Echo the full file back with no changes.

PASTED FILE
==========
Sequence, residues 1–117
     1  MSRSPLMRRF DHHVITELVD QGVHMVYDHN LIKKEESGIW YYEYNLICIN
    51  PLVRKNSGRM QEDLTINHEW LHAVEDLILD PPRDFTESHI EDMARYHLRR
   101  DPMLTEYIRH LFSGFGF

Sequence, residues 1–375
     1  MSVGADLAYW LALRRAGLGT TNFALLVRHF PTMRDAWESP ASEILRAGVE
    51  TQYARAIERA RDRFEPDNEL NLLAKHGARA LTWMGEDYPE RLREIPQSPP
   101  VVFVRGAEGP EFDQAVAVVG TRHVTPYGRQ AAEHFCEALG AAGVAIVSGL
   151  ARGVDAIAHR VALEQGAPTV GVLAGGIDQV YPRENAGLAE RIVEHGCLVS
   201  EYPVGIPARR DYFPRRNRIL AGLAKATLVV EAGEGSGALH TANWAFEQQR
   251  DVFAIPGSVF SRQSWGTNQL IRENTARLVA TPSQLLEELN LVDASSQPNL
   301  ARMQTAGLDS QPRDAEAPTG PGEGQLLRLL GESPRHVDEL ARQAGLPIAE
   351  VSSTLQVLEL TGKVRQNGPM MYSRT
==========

Sequence, residues 1–117
     1  MSRSPLMRRF DHHVITELVD QGVHMVYDHN LIKKEESGIW YYEYNLICIN
    51  PLVRKNSGRM QEDLTINHEW LHAVEDLILD PPRDFTESHI EDMARYHLRR
   101  DPMLTEYIRH LFSGFGF

Sequence, residues 1–375
     1  MSVGADLAYW LALRRAGLGT TNFALLVRHF PTMRDAWESP ASEILRAGVE
    51  TQYARAIERA RDRFEPDNEL NLLAKHGARA LTWMGEDYPE RLREIPQSPP
   101  VVFVRGAEGP EFDQAVAVVG TRHVTPYGRQ AAEHFCEALG AAGVAIVSGL
   151  ARGVDAIAHR VALEQGAPTV GVLAGGIDQV YPRENAGLAE RIVEHGCLVS
   201  EYPVGIPARR DYFPRRNRIL AGLAKATLVV EAGEGSGALH TANWAFEQQR
   251  DVFAIPGSVF SRQSWGTNQL IRENTARLVA TPSQLLEELN LVDASSQPNL
   301  ARMQTAGLDS QPRDAEAPTG PGEGQLLRLL GESPRHVDEL ARQAGLPIAE
   351  VSSTLQVLEL TGKVRQNGPM MYSRT